Constitutions can change

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Constitutions can change

In Seoul, as in Washington - but unlike many European democracies - party politics are hard-fought and bruising. Like Democrats and Republicans, the Saenuri Party and NPAD hardly ever see eye-to-eye on anything. Bipartisanship has become an endangered species.

So it is rare indeed for a cross-party cause to get the support of over half the National Assembly.

On Oct. 2, the JoongAng Ilbo reported that 152 lawmakers support amending the Constitution in two ways. The cabinet should be picked by the parliament, not the president. And presidents should serve for four years instead of five, but be permitted a second term as in the United States.

Saenuri leader Kim Moo-sung voiced support for changes but was slapped down by a sour Blue House, which even dissed his apology for raising the issue. What better illustration of the critics’ argument that Korea suffers from an overweening imperial presidency?

As a candidate, Park Geun-hye endorsed constitutional reform, but on this as much else office has changed her. In a striking phrase, she called it a “black hole” that would distract both the government and public from focusing on what really matters: fixing the economy.

Yet the president must be acutely aware that she is already falling victim to the very problem that constitutional change would resolve. Korea’s quarter century of democracy has surely shown beyond doubt that a single presidential term of five years is too short. Even a good president risks becoming a lame duck in his or her final year; a weak one, sooner than that.

Of course, voters must have the chance to boot out a bad leader. But they should also have the right to re-elect someone who is doing a good job. Allowing this would remove the lame-duck stigma and improve policy continuity, predictability and government efficiency. Also, holding presidential and legislative elections together, as in the United States, would be much less expensive.

We have been here before. Such a shift has often been mooted, most recently in 2007 by then-President Roh Moo-hyun. But he raised it far too late, with a presidential election just weeks away. Then the issue lapsed again, thereby missing what would have been the best chance to effect a change: in 2012, a year that saw both kinds of election held just a few months apart.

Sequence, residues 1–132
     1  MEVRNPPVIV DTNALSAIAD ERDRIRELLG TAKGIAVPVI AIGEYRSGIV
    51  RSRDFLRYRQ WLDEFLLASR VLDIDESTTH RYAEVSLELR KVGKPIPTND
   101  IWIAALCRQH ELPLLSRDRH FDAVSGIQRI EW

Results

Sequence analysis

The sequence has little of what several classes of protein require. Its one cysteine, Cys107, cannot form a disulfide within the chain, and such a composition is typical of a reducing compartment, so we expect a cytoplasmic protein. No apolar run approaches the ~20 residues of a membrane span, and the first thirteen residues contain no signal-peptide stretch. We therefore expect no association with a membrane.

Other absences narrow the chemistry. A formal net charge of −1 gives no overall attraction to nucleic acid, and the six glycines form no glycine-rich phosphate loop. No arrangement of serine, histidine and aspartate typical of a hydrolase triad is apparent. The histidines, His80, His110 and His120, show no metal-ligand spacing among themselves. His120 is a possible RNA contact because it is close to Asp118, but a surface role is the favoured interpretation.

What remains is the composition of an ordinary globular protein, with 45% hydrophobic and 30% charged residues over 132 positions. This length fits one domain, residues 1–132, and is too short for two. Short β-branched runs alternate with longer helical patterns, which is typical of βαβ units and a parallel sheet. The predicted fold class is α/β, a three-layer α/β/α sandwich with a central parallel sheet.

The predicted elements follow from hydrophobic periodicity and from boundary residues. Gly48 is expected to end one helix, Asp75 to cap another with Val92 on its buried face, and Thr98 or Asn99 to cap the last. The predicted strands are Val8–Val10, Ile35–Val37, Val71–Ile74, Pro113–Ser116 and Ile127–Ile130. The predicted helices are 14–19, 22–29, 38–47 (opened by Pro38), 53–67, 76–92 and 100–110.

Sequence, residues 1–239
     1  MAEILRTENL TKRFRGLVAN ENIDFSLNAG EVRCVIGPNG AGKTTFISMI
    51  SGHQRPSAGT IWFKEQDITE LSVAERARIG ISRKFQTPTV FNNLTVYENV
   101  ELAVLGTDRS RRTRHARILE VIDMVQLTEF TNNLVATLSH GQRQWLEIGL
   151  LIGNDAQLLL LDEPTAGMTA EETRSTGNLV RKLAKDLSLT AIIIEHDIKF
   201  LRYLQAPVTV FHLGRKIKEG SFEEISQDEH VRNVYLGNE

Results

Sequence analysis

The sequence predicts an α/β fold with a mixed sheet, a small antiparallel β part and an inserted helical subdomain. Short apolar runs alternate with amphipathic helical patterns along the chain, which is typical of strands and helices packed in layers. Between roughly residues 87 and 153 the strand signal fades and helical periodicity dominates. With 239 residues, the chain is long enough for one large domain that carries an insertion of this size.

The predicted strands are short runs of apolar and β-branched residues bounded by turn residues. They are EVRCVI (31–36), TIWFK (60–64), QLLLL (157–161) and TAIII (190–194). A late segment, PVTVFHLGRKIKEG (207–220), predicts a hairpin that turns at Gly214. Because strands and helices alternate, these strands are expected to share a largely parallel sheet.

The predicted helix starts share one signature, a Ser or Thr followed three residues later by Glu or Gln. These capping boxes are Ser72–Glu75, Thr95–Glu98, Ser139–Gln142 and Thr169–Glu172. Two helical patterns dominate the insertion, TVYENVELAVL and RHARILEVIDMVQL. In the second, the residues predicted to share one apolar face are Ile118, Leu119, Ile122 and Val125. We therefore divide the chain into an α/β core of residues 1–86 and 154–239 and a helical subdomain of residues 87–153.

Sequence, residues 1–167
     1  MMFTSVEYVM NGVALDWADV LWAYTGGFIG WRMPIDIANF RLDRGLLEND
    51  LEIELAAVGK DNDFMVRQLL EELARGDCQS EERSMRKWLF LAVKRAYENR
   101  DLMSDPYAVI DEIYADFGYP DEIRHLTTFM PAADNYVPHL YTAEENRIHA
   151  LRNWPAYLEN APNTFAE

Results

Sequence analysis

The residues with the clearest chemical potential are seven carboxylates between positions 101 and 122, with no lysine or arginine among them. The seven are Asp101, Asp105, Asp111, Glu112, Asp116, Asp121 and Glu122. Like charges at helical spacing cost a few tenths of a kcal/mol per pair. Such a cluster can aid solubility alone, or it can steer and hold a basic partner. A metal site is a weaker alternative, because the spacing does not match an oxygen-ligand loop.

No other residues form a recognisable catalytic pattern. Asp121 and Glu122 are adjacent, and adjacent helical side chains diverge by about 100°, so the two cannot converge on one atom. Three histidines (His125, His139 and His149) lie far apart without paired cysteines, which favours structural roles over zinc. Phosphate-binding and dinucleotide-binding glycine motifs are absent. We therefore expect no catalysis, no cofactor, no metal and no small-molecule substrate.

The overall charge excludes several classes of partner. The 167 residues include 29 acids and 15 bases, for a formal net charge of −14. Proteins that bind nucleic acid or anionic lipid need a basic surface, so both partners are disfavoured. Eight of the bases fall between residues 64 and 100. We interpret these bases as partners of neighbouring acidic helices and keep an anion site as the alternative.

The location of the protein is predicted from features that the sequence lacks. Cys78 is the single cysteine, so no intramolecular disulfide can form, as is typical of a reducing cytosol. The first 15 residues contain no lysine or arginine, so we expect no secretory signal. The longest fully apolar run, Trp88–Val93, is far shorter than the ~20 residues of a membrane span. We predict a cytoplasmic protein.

Roh was less keen on the other plank, a better balance between executive and legislature. This plea for a stronger cabinet is even older. In 1998, Kim Jong-pil made it his price for serving as prime minister under Kim Dae-jung, who reneged on the deal. (Still, a coalition - however opportunist - between a liberal president and a rightist premier is quite a thought nowadays.)

Constitutional reform is best done one step at a time, rather than at one fell swoop. A better balance between the presidency and parliament is desirable but also tricky. With so many variant models to choose from - France, Germany, Austria and more, each have their champions and differences of detail - this could indeed be a can of worms, a Pandora’s box, or a black hole.

By contrast, aligning elections a la the United States is simple. The main problem is timing, but that is not insuperable. If the wheels start turning now, to allow scope both for debate and the necessary referendum, then Park’s successor could be elected in December 2017 for a four-year term (2018-21), with re-election allowed once (2022-25). The new National Assembly due to be elected in April 2016 could then exceptionally sit for five and a half years until December 2021, when both elections would come into alignment. It would be messy, but it is feasible.

My own country’s first elected female leader, the redoubtable Margaret Thatcher, famously said that “the lady’s not for turning.” Steadfastness is a virtue, but only a thin line separates it from stubbornness, which is a vice. Pragmatism is another virtue, as is admitting one was wrong.

Might President Park change her mind on constitutional reform as she has on other matters? I fear not. She appears adamantly against even discussing this, and the new cross-party consensus seems to be that the issue is dead for the foreseeable future.

That is a pity. Policy continuity, predictability and government efficiency are all impaired by the status quo. For that reason I confidently predict that the constitutional reform issue will be raised again in a few years’s time, and again and again until the change is made.

If, as many fear, Park herself succumbs all too soon to lame duck syndrome, she may come to regret her stance. It is not too late for her to reconsider, to start the ball rolling, and to leave at least one lasting legacy for which posterity and all shades of opinion would surely thank her.

*The author is honorary senior research fellow in sociology and modern Korea at Leeds University in the UK.

by Aidan Foster-Carter

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